What can confidently be deciphered from the morphology of laminated stromatolites? Firstly, the morphology and distribution of stromatolite build-ups or 'bioherms' can be used as a palaeo-current indicator (Hoffmann, 1967) given that their axes of accretion often inclines towards the sediment source and 'bio-herms' may show elongation parallel to the current direction. It has also long been appreciated that a predictable sequence of stromatolite morphologies occurs with changing water depths, as first recognised in Proterozoic carbonate shelves of Northern Canada, and this can be utilised as a relative palaeo-depth proxy (e.g. Hofmann, 1976). In the rare cases where exceptional preservation permits, efforts have also been made to correlate changes in stromatolite morphology with the preserved microfossil communities that they contain. For example, it has been argued that the microstructure and microfossil biota preserved within an outcrop of three vertically intergrading stromatolite morphologies from the Gunflint Chert of Ontario Canada, can account for the gross changes in morphology (Awramik and Semikhatov, 1979). The challenge here, however, is to demonstrate a one to one causal relationship. Namely that the microfossil are actively involved in accreting the stromatolite structure rather than just being passively entombed and are the dominate control on the resultant stromatolite morphologies. This requires the elimination of a multitude of physical and chemical factors that also operate in the sedimentary environment the stromatolite accreted. For instance, changes in current velocity andor seawater carbonate super-saturation may also account for some of the changes seen in stromatolite morphology. In the Bitter Springs Formation, for instance, it has been demonstrated that cyclic changes in stromatolite morphology, in particular the onset of branching, can be attributed to changes in the sedimentary environment rather than the microbial community (Southgate, 1989). In Mesoproterozoic stromatolites from China, it has also been shown that changes in sedimentation rate have a strong control on the community composition, density and orientation of frame building microfossils within the stromatolites (Seong-Joo and Golubic, 1999). In summary, we agree with previous authors that stromatolites hold the potential to act both as "evolutional mileposts" and "environmental dipsticks" if only we can decipher the morphological expression of the physical, chemical and biological controls upon their growth. Like attempting to decipher the poem Jabberwocky, we need to understand the alphabet and grammatical rules that together make up stromatolite morphologies. This enigmatic code will only be cracked by continued numerical and experimental modeling combined with field and petrographic mapping of fossil stromatolites.

4. The Ediacara Biota and the Origin of Animals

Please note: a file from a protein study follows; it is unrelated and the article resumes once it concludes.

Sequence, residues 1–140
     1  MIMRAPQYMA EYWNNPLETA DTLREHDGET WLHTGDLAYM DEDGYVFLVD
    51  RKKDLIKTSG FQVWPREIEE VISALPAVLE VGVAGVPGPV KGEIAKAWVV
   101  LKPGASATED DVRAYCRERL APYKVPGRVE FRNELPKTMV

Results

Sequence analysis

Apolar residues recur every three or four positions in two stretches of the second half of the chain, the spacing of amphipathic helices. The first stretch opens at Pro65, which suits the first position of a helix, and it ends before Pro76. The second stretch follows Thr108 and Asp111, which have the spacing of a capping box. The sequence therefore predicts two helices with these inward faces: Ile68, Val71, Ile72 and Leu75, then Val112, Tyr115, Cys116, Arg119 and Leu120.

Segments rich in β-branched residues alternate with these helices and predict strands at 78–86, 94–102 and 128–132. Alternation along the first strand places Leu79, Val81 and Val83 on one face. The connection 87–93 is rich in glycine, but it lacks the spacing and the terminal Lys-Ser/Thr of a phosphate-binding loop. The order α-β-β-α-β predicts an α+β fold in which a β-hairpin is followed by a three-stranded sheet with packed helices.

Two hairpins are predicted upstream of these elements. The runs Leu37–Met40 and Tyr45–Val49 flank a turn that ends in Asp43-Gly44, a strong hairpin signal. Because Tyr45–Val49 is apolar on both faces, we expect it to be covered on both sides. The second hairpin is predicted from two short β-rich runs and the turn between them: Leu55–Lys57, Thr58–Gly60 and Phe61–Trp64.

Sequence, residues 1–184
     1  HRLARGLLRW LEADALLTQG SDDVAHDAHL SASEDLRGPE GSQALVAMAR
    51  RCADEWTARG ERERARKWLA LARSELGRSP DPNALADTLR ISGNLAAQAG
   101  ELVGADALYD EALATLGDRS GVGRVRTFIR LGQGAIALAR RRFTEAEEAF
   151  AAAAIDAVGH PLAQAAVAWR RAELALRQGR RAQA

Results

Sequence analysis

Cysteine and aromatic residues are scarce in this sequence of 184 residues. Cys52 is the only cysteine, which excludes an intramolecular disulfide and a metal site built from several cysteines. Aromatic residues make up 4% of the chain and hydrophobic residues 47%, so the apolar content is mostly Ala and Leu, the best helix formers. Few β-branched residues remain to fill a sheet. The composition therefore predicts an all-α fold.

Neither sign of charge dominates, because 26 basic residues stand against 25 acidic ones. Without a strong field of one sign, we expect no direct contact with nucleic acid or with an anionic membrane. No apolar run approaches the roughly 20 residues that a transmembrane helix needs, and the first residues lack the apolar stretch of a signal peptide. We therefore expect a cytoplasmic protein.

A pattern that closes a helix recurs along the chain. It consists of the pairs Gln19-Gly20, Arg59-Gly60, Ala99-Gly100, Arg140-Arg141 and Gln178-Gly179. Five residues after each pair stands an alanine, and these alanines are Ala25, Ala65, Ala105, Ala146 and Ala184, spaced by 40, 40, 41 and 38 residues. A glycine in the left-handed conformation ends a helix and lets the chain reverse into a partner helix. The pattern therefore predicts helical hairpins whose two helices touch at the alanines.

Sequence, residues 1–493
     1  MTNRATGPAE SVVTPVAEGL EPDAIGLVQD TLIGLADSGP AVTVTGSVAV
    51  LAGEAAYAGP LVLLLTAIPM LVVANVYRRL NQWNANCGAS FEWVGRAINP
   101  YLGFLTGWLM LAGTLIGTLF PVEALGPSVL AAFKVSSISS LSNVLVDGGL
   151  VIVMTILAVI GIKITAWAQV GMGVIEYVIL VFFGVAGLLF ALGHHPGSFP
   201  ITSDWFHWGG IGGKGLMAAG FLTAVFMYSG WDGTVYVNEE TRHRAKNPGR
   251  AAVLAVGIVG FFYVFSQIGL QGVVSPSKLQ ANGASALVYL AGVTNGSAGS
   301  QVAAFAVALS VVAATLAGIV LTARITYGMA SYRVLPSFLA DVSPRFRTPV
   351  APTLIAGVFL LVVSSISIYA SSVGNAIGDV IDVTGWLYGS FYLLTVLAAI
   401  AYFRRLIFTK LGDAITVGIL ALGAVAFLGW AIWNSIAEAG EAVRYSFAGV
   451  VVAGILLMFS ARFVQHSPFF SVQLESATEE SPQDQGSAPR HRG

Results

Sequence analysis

The fossils from the most recently defined geological interval of Precambrian time (Knoll et al., 2004), the Ediacaran, are perhaps amongst the most controversial of all. They sit at the critical point just before the Cambrian explosion and as such hold clues to understanding the mechanisms and processes that triggered arguably, the greatest of all evolutionary events. If only it could be decided what the fossils of the Ediacaran rocks actually represented© The morphology of many of the forms preserved in the Ediacara biota is reassuringly familiar. These impression fossils have been variously argued to represent the remains of: jelly fish, sea pens (a soft coral group), worms, molluscs, soft bodied sea urchins, and arthropods (see review by Antcliffe and Brasier, 2008). The early classifications of the biota were based upon simple morphological comparisons (e.g. Glaessner, 1984; Jenkins, 1992), and these have not withstood the test of time. Slowly, the pantheon of Ediacaran animals is crumbling. The interpretation of the Ediacara biota is a good example of a Kuhnian paradigm shift that may be nearing completion. It was in a series of classic papers that this paradigm was first challenged on grounds that the forms attributed to so many different groups actually shared a similar fundamental construction that could not be matched in any modern group. This uniquely Ediacaran group was termed the Vendobionta (Seilacher, 1984, 1989; Buss and Seilacher, 1994). Since then it has emerged that some forms previously thought to be jelly fish are actually attachment disks for other organisms, now termed Aspidella terranovica (Gehling et al., 2000), while others have been reconsidered, correctly in our view, as microbial communities (Grazhdankin and Gerdes, 2007). The idea that sea pens are represented in the Ediacaran biota has also recently been challenged on developmental grounds, see Antcliffe and Brasier (2007, 2008). The possibility that some of the 'lesser' forms such as some of the disks may be abiogenic in origin has not yet been exhaustively tested (see discussion earlier regarding Kullingia and Jensen et al., 2002) though, as noted above, some have recently been relegated to microbial (Grazhdankin and Gerdes, 2007). Seilacher et al. (2003) proposed that many of the forms usually attributed to the Ediacara biota may actually be giant single celled Eukaryotes similar to the foraminiferid group the Xenophyophorea. This is the first time that a non multi-celled model has been postulated for the Ediacara biota (with the exception of the early paper by Ford, in 1958, in which Charnia was compared to an alga). Whether Seilacher et al. (2003) are correct or not is still open to discussion; nonetheless, their hypothesis is the first explicit testing of the eukaryote null hypothesis and as such is a significant contribution to discussion within the field (again see Antcliffe and Brasier, 2008 for a wider discussion of affinities). If the advocates of an animal affinity for the Ediacara biota are to sustain these arguments, then the hypothesis of single celled Eukarya origin must be continually tested and refuted in each instance. Otherwise, in our view this is the null hypothesis that we must revert to (presuming of course that the abiotic null hypothesis has already been rejected).